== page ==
As I arrived in Berlin, the city did not leave me a fantastic impression. It was cold, wet and dreary, and Tegel Airport was undeniably German. Very efficient (The immigration, baggage collection, waiting room, security, and check in were all within a few metres of each other), but rather unimpressive. I hopped on a bus and headed to my hotel, the Holiday Inn Express Berlin West. Before dropping off to sleep however, I watched an iTunes rental I had sitting on my computer for a while. It was The Painted Veil. An achingly beautiful movie, the book originally from Somerset Maugham, about an unhappily married couple, who through tribulation, find love in each other, however improbably. The only element of unbelievability were all the Americans trying to do an English accent. Nevertheless, Mr. Maugham's writing is translated very well into China's fields, gorges and mighty rivers.

I had booked ahead a tour with Insider Tours and got up early next morning to more grey skies, and grey … greyness. I hurried to the Zoo bus station. *Berlin is surprisingly easy to navigate via public transport, and more impressively, shockingly cheap for a capital city* and met my tour guide, Mike there. A model of Kiwi enthusiasm, we were led on a whirlwind tour of Berlin's lesser known spots as well as some of it's more intriguing areas.

The theatre where Leni Riefenstahl premiered Die Triumph Des Willens, the most notorious propaganda film of Nazi Germany.

We were then taken to such places as memorial sites for soldiers.

The Memorial to the Murdered Jews of Europe, which is truly a sight, and??treacherous at a time when the ice has built up within the memorial. But somehow adding to the ominous aura that surrounds its polished concrete blocks, and generally somber atmosphere




It wasn't all sad and downcast though. I got to see The Titanic made from chocolate.

Bits of the Berlin Wall as well as was pointed to the dividing line where the wall used to stand.



The tour ended at the Brandenburger Tor, truly the symbol of Berlin.


After the tour, I took a gallivant around Berlin around the Potsdamer Platz before taking a train out to Olympia Stadion, where the 1936 Berlin Olympics were held as a showcase of Nazi strength but where Jesse Owens clinched 4 gold medals,??embarrassing??Hitler thoroughly.

Finally before I headed home to change for the Berliner Philharmoniker, I managed to grab that other symbol of Berlin, The CURRYWURST! Yum. Though, I think it'd be yummer if it was more curry, less wurst.


The Berliner Philharmoniker was a sight to behold. The actual building itself, along Herbert von Karajan (One of the greatest conductors of all time) Strasse, is magnificent, and once you step in, you find that almost anywhere you sit gives you a perfect vantage point to take in the orchestra. But more importantly, the music. Oh what an amazing journey I was taken on. The first piece was so impossibly modern, with all it's dissonant chords and clanging and clashing melancholy, reminds you of the soundtrack of Psycho, or Jaws. Ominous but in the best way possible. The second, a Shostakovich, kept me sitting at rapt attention the whole evening. Yo Yo Ma, was divine. Unspeakably powerful, and tender when necessary, he also found the humour in the music and managed to bring alive the cello in all it's glory. Unfortunately by the time the last piece came around, I was tired. And didn't pay as much attention to the music, which was still very impressive but ultimately just made me feel hungry.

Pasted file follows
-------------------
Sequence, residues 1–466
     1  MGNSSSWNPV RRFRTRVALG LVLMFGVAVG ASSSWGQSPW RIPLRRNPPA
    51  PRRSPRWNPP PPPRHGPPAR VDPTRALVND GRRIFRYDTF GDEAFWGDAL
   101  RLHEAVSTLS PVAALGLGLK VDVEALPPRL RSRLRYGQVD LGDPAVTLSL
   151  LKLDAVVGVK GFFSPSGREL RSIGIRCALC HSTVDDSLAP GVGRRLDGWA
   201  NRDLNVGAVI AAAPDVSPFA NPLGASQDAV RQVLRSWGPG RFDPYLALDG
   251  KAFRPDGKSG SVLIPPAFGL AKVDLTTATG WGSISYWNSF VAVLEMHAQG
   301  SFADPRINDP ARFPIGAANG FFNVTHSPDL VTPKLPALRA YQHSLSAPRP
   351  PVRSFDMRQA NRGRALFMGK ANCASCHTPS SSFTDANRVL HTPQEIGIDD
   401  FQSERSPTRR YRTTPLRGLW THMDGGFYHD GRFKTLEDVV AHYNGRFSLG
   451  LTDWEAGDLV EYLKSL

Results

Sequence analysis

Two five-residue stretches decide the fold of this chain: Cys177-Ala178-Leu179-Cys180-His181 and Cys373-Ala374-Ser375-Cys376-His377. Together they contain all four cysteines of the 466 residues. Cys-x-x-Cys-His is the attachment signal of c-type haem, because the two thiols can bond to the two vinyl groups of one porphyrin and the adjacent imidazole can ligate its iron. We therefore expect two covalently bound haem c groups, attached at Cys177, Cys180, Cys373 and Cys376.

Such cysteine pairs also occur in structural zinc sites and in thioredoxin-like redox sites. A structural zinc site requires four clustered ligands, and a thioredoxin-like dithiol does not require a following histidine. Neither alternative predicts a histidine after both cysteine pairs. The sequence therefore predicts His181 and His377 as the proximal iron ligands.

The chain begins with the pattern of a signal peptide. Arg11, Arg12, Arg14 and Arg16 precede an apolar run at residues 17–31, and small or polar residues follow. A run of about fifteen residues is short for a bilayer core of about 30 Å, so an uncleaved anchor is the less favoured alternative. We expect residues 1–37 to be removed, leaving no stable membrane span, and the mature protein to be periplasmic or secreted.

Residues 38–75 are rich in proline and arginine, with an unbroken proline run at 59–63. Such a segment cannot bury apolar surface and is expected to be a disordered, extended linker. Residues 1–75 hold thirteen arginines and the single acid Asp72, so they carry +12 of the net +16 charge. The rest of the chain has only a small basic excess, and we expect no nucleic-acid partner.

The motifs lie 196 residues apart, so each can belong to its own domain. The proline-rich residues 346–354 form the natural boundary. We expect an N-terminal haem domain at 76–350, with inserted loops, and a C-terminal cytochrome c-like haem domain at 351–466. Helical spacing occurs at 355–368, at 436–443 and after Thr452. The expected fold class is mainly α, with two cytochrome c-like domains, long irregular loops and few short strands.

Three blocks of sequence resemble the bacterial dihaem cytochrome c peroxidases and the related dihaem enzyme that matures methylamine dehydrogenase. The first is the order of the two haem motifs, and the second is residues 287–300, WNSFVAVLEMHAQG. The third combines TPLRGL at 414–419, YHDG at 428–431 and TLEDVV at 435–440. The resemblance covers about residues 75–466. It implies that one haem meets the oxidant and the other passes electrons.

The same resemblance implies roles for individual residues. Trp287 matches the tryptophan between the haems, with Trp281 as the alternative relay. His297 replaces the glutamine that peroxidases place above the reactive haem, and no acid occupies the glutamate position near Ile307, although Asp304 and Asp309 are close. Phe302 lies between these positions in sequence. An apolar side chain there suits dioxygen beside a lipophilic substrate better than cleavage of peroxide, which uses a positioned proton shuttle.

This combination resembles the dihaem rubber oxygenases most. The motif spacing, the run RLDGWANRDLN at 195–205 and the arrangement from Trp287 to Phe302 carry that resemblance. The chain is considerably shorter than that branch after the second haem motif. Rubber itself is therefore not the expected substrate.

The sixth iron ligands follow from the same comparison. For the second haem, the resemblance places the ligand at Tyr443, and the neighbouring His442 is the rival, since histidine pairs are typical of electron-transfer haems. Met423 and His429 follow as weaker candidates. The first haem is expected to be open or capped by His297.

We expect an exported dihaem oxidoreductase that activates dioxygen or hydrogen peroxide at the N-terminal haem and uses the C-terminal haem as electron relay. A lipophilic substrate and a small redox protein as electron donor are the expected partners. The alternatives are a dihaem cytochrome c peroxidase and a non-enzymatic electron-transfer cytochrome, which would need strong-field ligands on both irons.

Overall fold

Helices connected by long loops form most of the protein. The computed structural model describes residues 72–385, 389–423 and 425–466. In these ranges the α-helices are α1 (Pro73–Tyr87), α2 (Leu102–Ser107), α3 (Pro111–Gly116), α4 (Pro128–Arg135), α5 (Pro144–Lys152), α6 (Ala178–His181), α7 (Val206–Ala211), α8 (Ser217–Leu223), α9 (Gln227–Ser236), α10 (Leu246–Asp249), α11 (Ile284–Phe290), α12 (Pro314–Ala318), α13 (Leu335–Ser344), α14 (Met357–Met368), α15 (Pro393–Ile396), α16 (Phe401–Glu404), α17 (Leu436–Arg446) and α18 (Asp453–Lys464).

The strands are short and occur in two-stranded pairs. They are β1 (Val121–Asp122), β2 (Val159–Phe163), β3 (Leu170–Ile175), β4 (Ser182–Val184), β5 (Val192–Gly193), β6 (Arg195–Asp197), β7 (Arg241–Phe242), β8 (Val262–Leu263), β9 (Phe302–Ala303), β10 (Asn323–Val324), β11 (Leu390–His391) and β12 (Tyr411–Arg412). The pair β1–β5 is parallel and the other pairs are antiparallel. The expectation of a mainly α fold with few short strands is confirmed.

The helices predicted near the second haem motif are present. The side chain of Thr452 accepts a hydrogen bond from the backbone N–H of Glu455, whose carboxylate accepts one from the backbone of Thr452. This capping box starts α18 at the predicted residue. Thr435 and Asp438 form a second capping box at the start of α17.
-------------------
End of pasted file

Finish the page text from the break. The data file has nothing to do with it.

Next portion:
As I walked out into the cold night, I had given up on finding some food. But as I walked towards Potsdamer Platz station, I passed by Lutter and Wegner, a restaurant recommended by the Tour guide as one of the best in Berlin. I crossed my fingers and walked in and amazingly, at nigh on 11pm, they were OPEN! I was pleased with myself and sat down to look at the menu. And what a gloriously German menu it was. Wiener Schnitzel, Goulash, and Strudel! I was in heaven! I ordered the Veal Goulash and Apfel Strudel. *Bliss*. The Veal Goulash was truly the BEST I've ever had. And the Spatzle! WHAT joy. It was perfectly made and slightly overcooked lending it a smokey flavour. The Apple Strudel was also very impressive, a very distinct tinge of alcohol permeated the plate, with not only apple but a VARIETY of fruits. I was in heaven and all my tiredness was forgotten so much so that I tried very hard to talk to my German Taxi driver on the way back to the hotel!??

It was a blissful night's sleep, a delayed flight (HEATHROW!!!!), and a long bus ride later that I got home to my dear Coventry. What I brought back with me a totally drenched copy of??The Rule of Law by Tom Bingham??(fascinating read targeted at non-lawyers but unfortunately I suspect will be beyond the capabilities of most non-lawyers), and the fondest memories of an diverse and beautiful city.

Berlin truly was a gracious host and a lovely queen amongst the capital cities of Europe. I cannot wait to come back in the future and see what else this beautiful city has to offer!

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